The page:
ARIZONA CATHOLIC CONFERENCE
2007 LEGISLATIVE SESSION
By Ron Johnson
Arizona Catholic Conference
On Wednesday, June 20th, the Arizona Legislature adjourned sine die at 10:58 p.m. after spending a busy 164 days in session. The length of the session tied last year’s mark as the fifth longest in Arizona history and featured the introduction of a near record 1,570 bills, memorials, and resolutions.
The dynamics of the Legislature are always unique following each election and this year was no exception. In particular, unlike the last two years, the Republican majorities in both chambers now have a much slimmer advantage over their Democratic counterparts.
The practical impact of these new dynamics resulted in a more collaborative Senate, but an increasingly divisive House. Additionally, despite the very large number of bills introduced, the nearly equal distribution of party membership has, nonetheless, made it more difficult to pass many pieces of legislation and resulted in significantly fewer bills being approved this year.
For its own part, the Arizona Catholic Conference (ACC) adapted to these changes and continued its success during the 2007 legislative session on a variety of the most important public policy matters that were considered. In this regard, it is particularly noteworthy that the ACC was once again able to defeat all of the bills it opposed, while making incremental gains on a number of important issues.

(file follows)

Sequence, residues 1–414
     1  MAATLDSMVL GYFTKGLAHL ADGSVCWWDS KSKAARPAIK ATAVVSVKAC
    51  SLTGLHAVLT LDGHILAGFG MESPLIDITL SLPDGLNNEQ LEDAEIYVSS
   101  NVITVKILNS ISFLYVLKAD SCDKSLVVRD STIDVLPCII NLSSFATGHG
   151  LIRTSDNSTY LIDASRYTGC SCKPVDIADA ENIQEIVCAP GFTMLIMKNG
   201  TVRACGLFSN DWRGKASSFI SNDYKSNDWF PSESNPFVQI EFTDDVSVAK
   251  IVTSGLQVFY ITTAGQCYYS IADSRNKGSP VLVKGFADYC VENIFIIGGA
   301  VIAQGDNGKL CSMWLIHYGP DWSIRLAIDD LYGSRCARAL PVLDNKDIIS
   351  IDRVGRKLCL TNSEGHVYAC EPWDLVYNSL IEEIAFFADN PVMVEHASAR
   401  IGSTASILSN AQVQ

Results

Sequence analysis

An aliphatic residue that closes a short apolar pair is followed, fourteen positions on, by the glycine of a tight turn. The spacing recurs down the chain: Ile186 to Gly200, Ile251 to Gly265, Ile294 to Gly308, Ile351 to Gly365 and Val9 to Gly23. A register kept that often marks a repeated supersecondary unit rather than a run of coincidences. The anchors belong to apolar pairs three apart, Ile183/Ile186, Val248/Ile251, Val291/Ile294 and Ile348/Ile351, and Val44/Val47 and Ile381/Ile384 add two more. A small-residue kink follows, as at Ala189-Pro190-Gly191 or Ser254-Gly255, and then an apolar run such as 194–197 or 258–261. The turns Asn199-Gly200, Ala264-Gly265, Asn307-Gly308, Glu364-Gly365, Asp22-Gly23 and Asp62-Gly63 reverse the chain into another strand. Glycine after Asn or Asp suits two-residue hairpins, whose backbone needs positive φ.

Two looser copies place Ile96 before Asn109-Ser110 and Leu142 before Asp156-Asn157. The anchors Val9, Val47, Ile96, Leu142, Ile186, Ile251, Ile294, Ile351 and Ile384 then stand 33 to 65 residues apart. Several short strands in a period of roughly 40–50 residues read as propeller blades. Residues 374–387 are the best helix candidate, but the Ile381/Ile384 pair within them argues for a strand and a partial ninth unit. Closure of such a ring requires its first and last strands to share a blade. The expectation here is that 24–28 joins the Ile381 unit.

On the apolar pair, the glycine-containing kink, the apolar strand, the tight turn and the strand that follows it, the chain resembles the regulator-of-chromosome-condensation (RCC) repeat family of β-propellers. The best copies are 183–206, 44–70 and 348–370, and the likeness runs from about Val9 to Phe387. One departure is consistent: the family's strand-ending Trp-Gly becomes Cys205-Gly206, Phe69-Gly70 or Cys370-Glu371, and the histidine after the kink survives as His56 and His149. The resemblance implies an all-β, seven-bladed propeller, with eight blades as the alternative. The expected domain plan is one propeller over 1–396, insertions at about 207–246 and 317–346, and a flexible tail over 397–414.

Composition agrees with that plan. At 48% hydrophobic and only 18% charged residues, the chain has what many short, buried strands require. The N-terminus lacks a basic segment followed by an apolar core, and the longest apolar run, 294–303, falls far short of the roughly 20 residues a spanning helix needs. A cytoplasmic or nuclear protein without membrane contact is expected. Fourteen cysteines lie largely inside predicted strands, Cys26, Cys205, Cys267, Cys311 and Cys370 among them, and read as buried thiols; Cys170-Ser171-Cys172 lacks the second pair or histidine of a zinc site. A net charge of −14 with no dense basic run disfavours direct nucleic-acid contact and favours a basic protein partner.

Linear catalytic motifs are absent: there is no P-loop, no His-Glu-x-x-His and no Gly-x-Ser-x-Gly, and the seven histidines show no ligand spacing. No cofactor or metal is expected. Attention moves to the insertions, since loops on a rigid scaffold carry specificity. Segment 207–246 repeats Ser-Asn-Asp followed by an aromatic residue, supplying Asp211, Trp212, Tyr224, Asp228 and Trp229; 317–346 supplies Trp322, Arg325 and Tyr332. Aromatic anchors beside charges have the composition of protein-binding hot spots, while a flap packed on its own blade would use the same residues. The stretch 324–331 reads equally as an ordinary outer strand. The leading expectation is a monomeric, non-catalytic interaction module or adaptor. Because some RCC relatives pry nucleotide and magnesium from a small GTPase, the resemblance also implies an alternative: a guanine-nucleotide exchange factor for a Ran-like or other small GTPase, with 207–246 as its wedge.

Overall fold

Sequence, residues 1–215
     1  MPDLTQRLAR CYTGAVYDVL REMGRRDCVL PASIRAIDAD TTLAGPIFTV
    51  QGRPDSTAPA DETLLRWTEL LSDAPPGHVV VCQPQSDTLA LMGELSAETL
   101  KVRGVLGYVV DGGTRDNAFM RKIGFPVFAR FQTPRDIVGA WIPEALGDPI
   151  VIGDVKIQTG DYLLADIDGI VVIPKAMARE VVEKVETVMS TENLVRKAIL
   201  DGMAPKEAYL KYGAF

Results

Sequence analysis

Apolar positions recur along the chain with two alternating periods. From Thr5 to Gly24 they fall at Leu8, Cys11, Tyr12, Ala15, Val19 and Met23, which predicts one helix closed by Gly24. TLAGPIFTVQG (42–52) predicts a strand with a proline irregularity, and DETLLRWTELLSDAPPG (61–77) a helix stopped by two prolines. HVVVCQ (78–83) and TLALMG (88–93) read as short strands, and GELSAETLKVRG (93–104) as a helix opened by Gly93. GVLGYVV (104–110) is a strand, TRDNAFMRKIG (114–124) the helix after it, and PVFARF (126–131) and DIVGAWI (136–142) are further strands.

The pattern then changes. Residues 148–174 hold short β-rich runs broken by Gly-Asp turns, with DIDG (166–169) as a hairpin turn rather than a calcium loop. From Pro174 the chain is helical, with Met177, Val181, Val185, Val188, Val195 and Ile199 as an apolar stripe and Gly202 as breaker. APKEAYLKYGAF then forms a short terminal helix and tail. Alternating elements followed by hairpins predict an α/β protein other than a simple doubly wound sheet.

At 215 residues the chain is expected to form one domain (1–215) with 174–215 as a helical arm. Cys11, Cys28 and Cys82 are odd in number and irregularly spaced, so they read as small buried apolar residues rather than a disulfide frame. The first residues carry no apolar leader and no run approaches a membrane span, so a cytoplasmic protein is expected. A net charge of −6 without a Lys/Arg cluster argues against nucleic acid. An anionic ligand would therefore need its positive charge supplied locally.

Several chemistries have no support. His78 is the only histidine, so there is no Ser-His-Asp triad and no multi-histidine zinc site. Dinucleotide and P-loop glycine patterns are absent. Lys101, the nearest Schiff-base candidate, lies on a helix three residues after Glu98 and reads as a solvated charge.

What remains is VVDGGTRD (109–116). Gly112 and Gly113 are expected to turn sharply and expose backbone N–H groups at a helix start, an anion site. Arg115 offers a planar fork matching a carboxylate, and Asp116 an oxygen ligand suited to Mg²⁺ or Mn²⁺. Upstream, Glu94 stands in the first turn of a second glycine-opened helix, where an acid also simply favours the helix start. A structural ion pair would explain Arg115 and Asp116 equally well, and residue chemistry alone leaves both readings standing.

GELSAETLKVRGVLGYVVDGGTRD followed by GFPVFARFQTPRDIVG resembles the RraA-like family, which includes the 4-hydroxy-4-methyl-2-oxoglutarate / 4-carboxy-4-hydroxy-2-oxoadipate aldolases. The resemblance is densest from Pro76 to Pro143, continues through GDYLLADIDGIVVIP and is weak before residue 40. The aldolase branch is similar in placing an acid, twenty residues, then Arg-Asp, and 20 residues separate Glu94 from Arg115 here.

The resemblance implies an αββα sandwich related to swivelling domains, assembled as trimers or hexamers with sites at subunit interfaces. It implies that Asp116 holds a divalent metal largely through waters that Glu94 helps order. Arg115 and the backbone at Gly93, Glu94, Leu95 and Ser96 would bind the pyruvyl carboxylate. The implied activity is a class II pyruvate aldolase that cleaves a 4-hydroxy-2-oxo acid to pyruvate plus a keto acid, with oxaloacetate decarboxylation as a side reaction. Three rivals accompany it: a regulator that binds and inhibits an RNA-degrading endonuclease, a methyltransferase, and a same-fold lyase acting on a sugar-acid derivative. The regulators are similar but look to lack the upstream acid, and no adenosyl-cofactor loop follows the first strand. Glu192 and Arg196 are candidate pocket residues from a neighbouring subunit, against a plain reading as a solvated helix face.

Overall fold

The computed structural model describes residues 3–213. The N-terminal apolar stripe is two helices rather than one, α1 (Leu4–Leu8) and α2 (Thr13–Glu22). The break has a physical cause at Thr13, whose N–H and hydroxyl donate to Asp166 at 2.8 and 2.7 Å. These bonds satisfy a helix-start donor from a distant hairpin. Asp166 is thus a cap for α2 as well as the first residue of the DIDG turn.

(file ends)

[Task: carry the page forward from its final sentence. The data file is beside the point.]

Sanctity of Life
Serious efforts to force healthcare providers to participate in the taking of innocent human life through the provision and/ or referral of abortifacients (i.e., emergency contraception) were once again introduced in each chamber this year. Fortunately, however, the ACC was able to defeat both of these bills (HB 2685 and SB 1470), as well as successfully amend other measures that could have unintentionally denied rights of conscience to healthcare providers.
Legislation to legalize assisted suicide (HB 2357 and HB 2572) also returned this session, but never received a hearing. Meanwhile, a new proposal (HB 2229) mandating that employers provide their employees with insurance coverage for in vitro fertilization did receive a hearing in the House Financial Institutions and Insurance Committee, but it was defeated on a 0-8 vote following the ACC’s testimony in opposition to this morally problematic bill.